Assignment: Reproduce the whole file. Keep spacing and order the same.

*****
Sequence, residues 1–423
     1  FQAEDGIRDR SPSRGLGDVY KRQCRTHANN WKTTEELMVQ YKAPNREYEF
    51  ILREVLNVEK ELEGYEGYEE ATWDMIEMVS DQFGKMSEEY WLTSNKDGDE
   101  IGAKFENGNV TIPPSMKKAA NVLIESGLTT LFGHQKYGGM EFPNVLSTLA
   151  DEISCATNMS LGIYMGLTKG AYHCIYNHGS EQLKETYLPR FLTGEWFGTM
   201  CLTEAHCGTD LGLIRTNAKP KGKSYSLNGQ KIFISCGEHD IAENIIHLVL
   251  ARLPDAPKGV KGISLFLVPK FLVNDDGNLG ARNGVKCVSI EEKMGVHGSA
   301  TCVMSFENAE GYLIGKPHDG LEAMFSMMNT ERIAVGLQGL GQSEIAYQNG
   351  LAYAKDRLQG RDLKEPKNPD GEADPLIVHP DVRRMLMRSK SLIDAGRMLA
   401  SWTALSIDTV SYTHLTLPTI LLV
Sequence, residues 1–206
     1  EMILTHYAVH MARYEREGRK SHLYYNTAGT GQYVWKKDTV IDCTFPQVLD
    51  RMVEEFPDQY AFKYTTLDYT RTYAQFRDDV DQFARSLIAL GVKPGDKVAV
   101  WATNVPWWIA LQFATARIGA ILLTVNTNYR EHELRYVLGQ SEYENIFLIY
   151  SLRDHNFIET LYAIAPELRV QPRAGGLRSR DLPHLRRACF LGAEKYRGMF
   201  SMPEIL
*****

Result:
Sequence, residues 1–423
     1  FQAEDGIRDR SPSRGLGDVY KRQCRTHANN WKTTEELMVQ YKAPNREYEF
    51  ILREVLNVEK ELEGYEGYEE ATWDMIEMVS DQFGKMSEEY WLTSNKDGDE
   101  IGAKFENGNV TIPPSMKKAA NVLIESGLTT LFGHQKYGGM EFPNVLSTLA
   151  DEISCATNMS LGIYMGLTKG AYHCIYNHGS EQLKETYLPR FLTGEWFGTM
   201  CLTEAHCGTD LGLIRTNAKP KGKSYSLNGQ KIFISCGEHD IAENIIHLVL
   251  ARLPDAPKGV KGISLFLVPK FLVNDDGNLG ARNGVKCVSI EEKMGVHGSA
   301  TCVMSFENAE GYLIGKPHDG LEAMFSMMNT ERIAVGLQGL GQSEIAYQNG
   351  LAYAKDRLQG RDLKEPKNPD GEADPLIVHP DVRRMLMRSK SLIDAGRMLA
   401  SWTALSIDTV SYTHLTLPTI LLV
Sequence, residues 1–206
     1  EMILTHYAVH MARYEREGRK SHLYYNTAGT GQYVWKKDTV IDCTFPQVLD
    51  RMVEEFPDQY AFKYTTLDYT RTYAQFRDDV DQFARSLIAL GVKPGDKVAV
   101  WATNVPWWIA LQFATARIGA ILLTVNTNYR EHELRYVLGQ SEYENIFLIY
   151  SLRDHNFIET LYAIAPELRV QPRAGGLRSR DLPHLRRACF LGAEKYRGMF
   201  SMPEIL